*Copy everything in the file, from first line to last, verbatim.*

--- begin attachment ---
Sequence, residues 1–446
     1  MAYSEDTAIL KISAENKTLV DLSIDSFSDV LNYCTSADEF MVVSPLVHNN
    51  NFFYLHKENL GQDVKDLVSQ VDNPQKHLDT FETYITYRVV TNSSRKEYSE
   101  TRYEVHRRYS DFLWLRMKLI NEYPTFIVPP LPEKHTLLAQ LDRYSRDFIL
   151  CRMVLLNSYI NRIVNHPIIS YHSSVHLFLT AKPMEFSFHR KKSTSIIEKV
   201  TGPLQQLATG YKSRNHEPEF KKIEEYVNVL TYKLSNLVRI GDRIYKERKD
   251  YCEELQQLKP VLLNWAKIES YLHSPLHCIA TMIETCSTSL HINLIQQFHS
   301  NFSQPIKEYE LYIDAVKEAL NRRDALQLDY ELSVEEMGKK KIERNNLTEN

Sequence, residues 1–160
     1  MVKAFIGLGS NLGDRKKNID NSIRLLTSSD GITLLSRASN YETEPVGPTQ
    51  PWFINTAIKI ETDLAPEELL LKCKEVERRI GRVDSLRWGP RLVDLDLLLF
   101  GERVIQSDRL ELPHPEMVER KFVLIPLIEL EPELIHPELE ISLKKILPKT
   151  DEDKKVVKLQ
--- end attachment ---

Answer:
Sequence, residues 1–446
     1  MAYSEDTAIL KISAENKTLV DLSIDSFSDV LNYCTSADEF MVVSPLVHNN
    51  NFFYLHKENL GQDVKDLVSQ VDNPQKHLDT FETYITYRVV TNSSRKEYSE
   101  TRYEVHRRYS DFLWLRMKLI NEYPTFIVPP LPEKHTLLAQ LDRYSRDFIL
   151  CRMVLLNSYI NRIVNHPIIS YHSSVHLFLT AKPMEFSFHR KKSTSIIEKV
   201  TGPLQQLATG YKSRNHEPEF KKIEEYVNVL TYKLSNLVRI GDRIYKERKD
   251  YCEELQQLKP VLLNWAKIES YLHSPLHCIA TMIETCSTSL HINLIQQFHS
   301  NFSQPIKEYE LYIDAVKEAL NRRDALQLDY ELSVEEMGKK KIERNNLTEN

Sequence, residues 1–160
     1  MVKAFIGLGS NLGDRKKNID NSIRLLTSSD GITLLSRASN YETEPVGPTQ
    51  PWFINTAIKI ETDLAPEELL LKCKEVERRI GRVDSLRWGP RLVDLDLLLF
   101  GERVIQSDRL ELPHPEMVER KFVLIPLIEL EPELIHPELE ISLKKILPKT
   151  DEDKKVVKLQ